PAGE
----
The properties of the extruded foam product can be modified by selection of the molecular weight of the polymer. For example, the preparation of lower density extruded foam products is facilitated by using lower molecular weight polymers whereas the preparation of higher density extruded foam products is facilitated by the use of higher molecular weight or higher viscosity resins.

Polyethylene Wax

The polyethylene wax used according to this invention is preferably a low molecular weight polyethylene wax having an average molecular weight preferably from 500 to 5000, more preferably from 1000 to 4000, and most preferably from to 2000-3000. A suitable wax my be obtained from Baker Petrolite under the designation POLYWAX 3000. The polyethylene wax is preferably incorporated in an extruded foam manufacture process in the amount of from 0.01 to 1.00 wt. % based on the resin, more preferably from 0.1 to 0.7 wt %, and most preferably from 0.2 to 0.4 wt. %. Preferably the polyethylene wax is added to the resin mixture but may be incorporated in alternative ways to the extruded foam manufacture process. For example, the polyethylene wax may be incorporated before, during or after polymerization process used to make the polymer in the resin mixture.

Optional Additives

Optional additives which may be incorporated in the extruded foam manufacture process include nucleating agents, infrared attenuating agents, plasticizers, flame retardant chemicals, pigments, elastomers, extrusion aids, antioxidants, fillers, antistatic agents, UV absorbers, etc. These optional additives may be included in any amount to obtain desired characteristics of the foamable gel or resultant extruded foam products. Preferably, optional additives are added to the resin mixture but may be added in alternative ways to the extruded foam manufacture process. For example, optional additives may be incorporated before, during or after the polymerization process used to make the polymer in the resin mixture.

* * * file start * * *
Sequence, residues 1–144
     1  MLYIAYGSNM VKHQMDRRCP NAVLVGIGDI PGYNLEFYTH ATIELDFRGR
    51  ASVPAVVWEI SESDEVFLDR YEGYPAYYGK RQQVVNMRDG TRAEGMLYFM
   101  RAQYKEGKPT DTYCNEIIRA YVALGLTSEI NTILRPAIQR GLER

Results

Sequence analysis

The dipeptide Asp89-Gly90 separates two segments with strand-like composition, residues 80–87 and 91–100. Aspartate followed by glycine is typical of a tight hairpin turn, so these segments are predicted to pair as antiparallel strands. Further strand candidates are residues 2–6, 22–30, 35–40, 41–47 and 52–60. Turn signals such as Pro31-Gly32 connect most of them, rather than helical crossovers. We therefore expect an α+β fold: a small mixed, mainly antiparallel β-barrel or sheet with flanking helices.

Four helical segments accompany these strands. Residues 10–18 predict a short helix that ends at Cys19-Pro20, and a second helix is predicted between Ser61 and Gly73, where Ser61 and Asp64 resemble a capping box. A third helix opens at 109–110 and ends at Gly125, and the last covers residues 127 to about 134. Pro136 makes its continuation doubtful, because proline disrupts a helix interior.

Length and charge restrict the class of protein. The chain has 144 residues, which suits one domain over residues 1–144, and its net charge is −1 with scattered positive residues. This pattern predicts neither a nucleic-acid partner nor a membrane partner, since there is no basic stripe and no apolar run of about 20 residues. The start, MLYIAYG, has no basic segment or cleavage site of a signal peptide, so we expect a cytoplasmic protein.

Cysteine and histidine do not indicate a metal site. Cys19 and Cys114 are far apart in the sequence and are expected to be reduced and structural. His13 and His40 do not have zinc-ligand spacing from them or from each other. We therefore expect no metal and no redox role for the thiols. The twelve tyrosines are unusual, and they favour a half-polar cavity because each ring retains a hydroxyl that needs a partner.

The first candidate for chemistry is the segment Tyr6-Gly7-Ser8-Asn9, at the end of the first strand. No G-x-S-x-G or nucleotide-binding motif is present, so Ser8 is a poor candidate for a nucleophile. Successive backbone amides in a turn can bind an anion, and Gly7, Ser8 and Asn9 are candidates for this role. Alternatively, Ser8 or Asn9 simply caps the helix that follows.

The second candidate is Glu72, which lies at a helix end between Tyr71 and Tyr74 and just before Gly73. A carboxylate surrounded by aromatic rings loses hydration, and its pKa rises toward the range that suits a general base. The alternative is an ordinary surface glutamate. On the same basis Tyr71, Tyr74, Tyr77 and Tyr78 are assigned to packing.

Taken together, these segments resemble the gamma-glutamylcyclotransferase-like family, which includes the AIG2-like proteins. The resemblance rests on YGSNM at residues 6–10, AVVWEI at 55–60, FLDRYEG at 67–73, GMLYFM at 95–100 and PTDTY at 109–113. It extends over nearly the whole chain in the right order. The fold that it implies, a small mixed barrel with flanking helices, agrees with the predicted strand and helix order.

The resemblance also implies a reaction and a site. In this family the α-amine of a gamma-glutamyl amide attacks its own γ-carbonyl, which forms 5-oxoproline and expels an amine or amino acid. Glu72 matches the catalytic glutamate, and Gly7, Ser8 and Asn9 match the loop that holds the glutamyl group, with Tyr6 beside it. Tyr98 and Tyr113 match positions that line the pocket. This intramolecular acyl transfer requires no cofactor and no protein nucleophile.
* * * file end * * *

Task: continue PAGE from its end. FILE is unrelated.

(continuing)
Examples of nucleating agents useful in the invention include talc, calcium silicate, calcium carbonate, calcium stearate, clay, silica, titanium dioxide, barium sulfate, diatomaceous earth, indigo, etc. In one embodiment, from about 0.01 to about 2 parts of nucleating agent per 100 parts of the polymer are incorporated into the foamable gel. In a preferred embodiment, from about 0.05 to about 1 part of nucleating agent per 100 parts of the polymer is incorporated into the foamable gel. Preferably, talc is added to the resin mixture as a nucleating agent in the amount of from 0.1 to 5.0 wt. % based on the polymer, preferably from 0.1 to 1.0 wt. %, and most preferably from 0.4 to 0.6 wt. %.

Plasticizers may also be added in the extruded foam manufacture process, preferably added to the foamable gel to facilitate processing of the foamable gel in an extruder. In a preferred embodiment, the plasticizer is a low molecular weight resin (molecular weight below about 20,000). Examples of plasticizers include liquid paraffin or white oil, hydrogenated coconut oil, esters of C4-C20 monoalcohols, diols glycerine with higher fatty acids, styrene resin, vinyl toluene resin, alpha-methylstyrene resin, lower alcohols (containing 1 to about 4 carbon atoms), etc. In one embodiment, from about 0.1 to about 20 parts of plasticizer per 100 parts of the polymer is incorporated into the foamable gel. In a preferred embodiment, from about 1 to about 15 parts of plasticizer per 100 parts of the polymer are incorporated into the foamable gel.

Flame-retardant chemicals may also be added in the extruded foam manufacture process, preferably added to the foamable gel to impart flame retardant characteristics to the resulting extruded foam products. Flame-retardant chemicals include brominated aliphatic compounds such as hexabromocyclododecane and pentabromocyclohexane, brominated phenyl ethers, esters of tatrabromophthalic acid, and combinations thereof. In one embodiment, from about 0.1 to about 5 parts of flame-retardant chemicals per 100 parts of the polymer is incorporated into the foamable gel. In a preferred embodiment, from about 0.5 to about 3 parts of flame-retardant chemicals per 100 parts of the polymer are incorporated into the foamable gel.

Halo-carbon free Blowing Agents

Any suitable halo-carbon free blowing agent may be used in the practice on this invention. Suitable halo-carbon free blowing agents include carbon dioxide, nitrogen, argon, water, air, nitrogen, and helium.